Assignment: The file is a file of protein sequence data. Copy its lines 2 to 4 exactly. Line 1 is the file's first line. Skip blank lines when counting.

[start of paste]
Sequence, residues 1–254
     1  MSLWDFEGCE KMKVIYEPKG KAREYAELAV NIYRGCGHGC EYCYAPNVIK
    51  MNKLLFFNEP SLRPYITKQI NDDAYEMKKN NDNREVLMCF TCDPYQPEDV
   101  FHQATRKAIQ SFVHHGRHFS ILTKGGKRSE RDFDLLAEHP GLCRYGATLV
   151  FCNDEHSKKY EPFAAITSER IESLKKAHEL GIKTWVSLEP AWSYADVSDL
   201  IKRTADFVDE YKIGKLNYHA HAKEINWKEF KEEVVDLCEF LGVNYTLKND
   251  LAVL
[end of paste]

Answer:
     1  MSLWDFEGCE KMKVIYEPKG KAREYAELAV NIYRGCGHGC EYCYAPNVIK
    51  MNKLLFFNEP SLRPYITKQI NDDAYEMKKN NDNREVLMCF TCDPYQPEDV
   101  FHQATRKAIQ SFVHHGRHFS ILTKGGKRSE RDFDLLAEHP GLCRYGATLV